Assuming you are fully vaccinated, the average concert doesn’t pose a great risk. But experts still get queasy about big venues packed with thousands of strangers — especially if they’re screaming and singing, with lots of alcohol and few masks. The larger the crowd, the more nervous they get.
But it’s a personal decision: How much is it worth to you? If you’ve waited all pandemic to dance in a moshpit, go for it.
Kissing is fine if you’re both vaccinated, of course. What if they’re not vaccinated, but you are? They’re at risk, not you. Consider a conversation: Tell them you’re worried about their safety.
How do you handle those friends and family members who refuse to get vaccinated but will also expect to see you this summer?
“I think it’s perfectly polite to just ask straight out: ‘Have you been vaccinated? Will you be vaccinated by the time we meet?’ ” said epidemiologist Dr. Caitlin Rivers, senior scholar at the Johns Hopkins Center for Health Security in Baltimore.
“And if they say no,” she said, “I think it’s reasonable to say, ‘That won’t work for me.’ “
U.S. regulators are allowing for the release of 10 million doses of Johnson & Johnson’s COVID-19 vaccine from a troubled Baltimore factory, but material to make many more must be thrown out because of possible contamination, a person familiar with the decision told The Associated Press on Friday.
The Food and Drug Administration announced that it had determined that two batches from the plant could be released. But it said several other batches are not suitable for use and additional batches are still under review.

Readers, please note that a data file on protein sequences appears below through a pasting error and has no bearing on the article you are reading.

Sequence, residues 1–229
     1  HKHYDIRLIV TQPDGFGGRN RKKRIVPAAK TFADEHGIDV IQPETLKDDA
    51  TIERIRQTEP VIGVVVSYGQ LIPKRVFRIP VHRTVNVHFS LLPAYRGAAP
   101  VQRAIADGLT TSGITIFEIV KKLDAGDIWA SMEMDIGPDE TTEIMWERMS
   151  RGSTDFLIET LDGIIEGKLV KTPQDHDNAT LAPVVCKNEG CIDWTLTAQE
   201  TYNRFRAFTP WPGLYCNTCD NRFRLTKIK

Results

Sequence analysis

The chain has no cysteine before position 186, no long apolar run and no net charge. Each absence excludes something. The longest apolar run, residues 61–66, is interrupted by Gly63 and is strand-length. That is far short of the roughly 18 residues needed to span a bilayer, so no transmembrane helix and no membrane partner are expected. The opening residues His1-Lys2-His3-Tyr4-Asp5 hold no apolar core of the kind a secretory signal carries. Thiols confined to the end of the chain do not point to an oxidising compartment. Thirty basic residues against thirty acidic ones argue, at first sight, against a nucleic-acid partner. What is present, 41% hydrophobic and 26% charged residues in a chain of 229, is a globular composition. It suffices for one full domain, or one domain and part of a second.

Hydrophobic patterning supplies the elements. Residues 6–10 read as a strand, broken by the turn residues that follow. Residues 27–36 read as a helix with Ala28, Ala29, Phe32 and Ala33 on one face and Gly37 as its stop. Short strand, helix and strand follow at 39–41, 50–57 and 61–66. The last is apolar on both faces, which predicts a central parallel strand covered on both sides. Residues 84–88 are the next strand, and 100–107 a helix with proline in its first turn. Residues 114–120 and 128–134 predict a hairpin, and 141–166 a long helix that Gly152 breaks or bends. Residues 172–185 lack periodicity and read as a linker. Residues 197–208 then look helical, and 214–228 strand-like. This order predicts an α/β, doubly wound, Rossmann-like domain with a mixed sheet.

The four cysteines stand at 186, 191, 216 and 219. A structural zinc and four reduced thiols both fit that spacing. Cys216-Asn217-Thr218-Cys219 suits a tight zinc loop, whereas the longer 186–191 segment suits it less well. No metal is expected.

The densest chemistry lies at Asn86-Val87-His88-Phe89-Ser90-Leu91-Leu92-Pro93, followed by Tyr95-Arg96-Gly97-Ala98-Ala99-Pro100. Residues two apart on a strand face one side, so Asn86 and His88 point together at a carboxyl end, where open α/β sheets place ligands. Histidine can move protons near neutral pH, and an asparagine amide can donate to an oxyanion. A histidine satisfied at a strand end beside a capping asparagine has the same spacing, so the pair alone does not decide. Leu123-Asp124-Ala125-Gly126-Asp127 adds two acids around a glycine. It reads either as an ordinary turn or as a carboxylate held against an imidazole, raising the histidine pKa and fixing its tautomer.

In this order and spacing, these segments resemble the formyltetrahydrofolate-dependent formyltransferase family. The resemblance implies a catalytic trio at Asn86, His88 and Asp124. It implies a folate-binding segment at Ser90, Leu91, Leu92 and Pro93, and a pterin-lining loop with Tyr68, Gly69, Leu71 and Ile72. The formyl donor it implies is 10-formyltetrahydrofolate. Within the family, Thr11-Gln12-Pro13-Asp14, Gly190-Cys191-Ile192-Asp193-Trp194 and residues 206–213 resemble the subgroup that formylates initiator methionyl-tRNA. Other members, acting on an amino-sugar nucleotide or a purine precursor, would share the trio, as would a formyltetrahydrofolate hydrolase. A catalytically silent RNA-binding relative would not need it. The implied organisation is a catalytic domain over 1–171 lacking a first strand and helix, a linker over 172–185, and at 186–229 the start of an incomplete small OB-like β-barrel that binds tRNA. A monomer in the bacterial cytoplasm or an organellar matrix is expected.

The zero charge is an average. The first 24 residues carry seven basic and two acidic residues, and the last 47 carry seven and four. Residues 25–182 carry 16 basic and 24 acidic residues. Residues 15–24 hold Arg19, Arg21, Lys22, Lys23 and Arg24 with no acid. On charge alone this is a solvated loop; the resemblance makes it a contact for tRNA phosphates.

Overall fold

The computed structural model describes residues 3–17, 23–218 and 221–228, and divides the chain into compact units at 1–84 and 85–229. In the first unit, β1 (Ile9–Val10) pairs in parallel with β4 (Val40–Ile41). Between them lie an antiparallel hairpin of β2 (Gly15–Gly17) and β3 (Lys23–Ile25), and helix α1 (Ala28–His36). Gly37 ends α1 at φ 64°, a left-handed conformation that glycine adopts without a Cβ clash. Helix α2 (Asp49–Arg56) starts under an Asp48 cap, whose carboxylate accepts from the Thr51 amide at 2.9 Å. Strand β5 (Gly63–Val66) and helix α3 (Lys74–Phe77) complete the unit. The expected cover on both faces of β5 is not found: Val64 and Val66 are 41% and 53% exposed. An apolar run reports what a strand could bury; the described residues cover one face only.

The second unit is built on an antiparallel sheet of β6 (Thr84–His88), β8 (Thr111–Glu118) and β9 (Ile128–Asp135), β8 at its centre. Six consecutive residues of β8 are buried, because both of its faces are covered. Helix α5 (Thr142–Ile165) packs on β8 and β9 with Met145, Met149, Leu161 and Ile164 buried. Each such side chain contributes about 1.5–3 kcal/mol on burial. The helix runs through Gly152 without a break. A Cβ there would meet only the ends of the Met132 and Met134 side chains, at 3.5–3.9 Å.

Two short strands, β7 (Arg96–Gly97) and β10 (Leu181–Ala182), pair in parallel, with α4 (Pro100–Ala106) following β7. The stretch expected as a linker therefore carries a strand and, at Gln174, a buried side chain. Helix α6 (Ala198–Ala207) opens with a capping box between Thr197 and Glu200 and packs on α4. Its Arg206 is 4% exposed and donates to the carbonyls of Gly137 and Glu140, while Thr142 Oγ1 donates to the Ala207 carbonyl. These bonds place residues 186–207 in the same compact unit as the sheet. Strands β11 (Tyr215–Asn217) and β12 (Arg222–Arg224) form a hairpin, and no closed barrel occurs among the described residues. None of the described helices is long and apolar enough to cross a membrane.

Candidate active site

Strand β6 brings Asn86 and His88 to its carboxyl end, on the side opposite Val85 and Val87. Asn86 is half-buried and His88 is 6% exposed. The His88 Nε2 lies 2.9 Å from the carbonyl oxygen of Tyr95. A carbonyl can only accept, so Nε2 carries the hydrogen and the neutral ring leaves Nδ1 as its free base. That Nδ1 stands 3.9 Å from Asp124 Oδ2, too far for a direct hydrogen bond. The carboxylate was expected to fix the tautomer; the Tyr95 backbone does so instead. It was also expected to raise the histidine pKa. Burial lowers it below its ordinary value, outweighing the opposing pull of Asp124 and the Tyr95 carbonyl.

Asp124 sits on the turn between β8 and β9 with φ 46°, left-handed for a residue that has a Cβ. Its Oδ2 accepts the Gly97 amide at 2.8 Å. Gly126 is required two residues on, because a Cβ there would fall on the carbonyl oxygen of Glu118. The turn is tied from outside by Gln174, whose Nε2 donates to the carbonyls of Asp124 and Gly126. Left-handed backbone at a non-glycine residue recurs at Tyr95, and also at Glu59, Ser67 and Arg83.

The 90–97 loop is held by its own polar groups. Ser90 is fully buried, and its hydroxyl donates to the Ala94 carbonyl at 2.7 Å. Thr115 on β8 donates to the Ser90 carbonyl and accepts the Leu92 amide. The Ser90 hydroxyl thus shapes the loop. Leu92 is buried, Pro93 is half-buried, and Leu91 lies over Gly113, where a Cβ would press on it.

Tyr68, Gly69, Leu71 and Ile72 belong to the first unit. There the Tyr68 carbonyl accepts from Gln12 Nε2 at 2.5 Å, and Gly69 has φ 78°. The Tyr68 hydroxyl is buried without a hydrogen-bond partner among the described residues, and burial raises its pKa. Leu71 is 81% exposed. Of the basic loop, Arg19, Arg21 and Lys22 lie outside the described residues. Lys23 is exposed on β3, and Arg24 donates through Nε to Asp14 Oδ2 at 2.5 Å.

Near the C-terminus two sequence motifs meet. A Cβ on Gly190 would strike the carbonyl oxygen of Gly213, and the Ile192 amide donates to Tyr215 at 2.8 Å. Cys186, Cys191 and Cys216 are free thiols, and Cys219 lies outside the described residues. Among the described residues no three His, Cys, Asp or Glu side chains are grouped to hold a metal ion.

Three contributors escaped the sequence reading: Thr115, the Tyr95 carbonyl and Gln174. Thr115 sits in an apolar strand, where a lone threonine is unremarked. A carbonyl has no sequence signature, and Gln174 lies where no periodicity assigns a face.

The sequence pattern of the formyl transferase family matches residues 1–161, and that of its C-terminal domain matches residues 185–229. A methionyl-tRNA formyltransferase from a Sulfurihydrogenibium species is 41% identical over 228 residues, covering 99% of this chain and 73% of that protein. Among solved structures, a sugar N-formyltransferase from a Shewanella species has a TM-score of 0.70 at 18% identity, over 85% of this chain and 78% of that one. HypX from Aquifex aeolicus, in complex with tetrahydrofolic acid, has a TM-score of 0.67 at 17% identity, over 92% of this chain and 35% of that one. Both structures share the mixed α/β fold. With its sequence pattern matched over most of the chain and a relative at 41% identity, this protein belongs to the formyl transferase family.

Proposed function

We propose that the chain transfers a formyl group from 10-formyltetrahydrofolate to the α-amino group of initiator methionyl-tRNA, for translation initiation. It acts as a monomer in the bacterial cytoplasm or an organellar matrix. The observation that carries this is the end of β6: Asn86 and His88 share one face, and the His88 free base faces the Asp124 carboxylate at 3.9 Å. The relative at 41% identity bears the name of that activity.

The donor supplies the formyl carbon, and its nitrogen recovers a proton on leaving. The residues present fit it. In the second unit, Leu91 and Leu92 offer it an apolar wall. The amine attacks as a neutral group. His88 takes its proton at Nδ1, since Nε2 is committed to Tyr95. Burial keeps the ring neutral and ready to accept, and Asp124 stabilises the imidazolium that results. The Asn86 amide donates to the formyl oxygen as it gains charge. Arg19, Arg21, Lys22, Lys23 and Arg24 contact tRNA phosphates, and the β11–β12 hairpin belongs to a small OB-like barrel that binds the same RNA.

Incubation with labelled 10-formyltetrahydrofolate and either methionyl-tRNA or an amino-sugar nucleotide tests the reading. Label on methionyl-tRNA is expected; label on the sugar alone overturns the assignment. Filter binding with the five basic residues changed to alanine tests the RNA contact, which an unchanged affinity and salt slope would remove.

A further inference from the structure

Keep scrolling for tips on how to stay COVID-safe during summer vacation
A second person familiar with the decision confirmed that it would allow for 10 million doses to be released. Both people spoke to the AP on condition of anonymity because they weren’t authorized to release details about it.
The doses originated at an Emergent BioSolutions factory, known as Bayview, that is making the vaccine for J&J. Those doses would be the first from the factory approved for use. J&J doses that had been administered came from other plants.
Emergent is one of several contractors for J&J that produces its one-shot vaccine in bulk. The concentrated vaccine then is shipped to other factories for final steps, including diluting them to the correct strength, putting them in vials and packaging them up.
Roughly 100 million doses made from bulk vaccine produced at Emergent’s factory had been set aside for additional testing by FDA staff after factory employees accidentally contaminated a batch.
That contamination led the FDA to shut down the factory in mid-April and send in a team of inspectors. They spent a week going through the factory and reviewing security camera footage that showed employees carelessly handling vaccine materials. The inspectors reported unsanitary conditions, poorly trained employees and other problems.
The lapses have hampered J&J’s efforts to be a major player in vaccinating people, particularly in remote areas and poor countries, given that it’s the only drugmaker with an authorized vaccine that only requires one dose and standard refrigeration.
The problems forced J&J to import millions of doses from its factory in the Netherlands and to miss supply commitments.
Emergent’s factory had a history of FDA citations for problems including mold, dirty walls and floors, poorly trained employees and an inadequate strategy to prevent contamination, yet it was given a huge role in COVID-19 vaccine production by the Trump administration. Emergent was handed a lucrative contract to make many millions of COVID-19 vaccines for both J&J and AstraZeneca at the Bayview factory.
Emergent’s chief executive has blamed the contamination and other problems on the complexity of scaling up the factory in just months to make two different vaccines.
The Biden administration is working to find a different American manufacturing partner for the British drugmaker, which has yet to request authorization to distribute it in the U.S.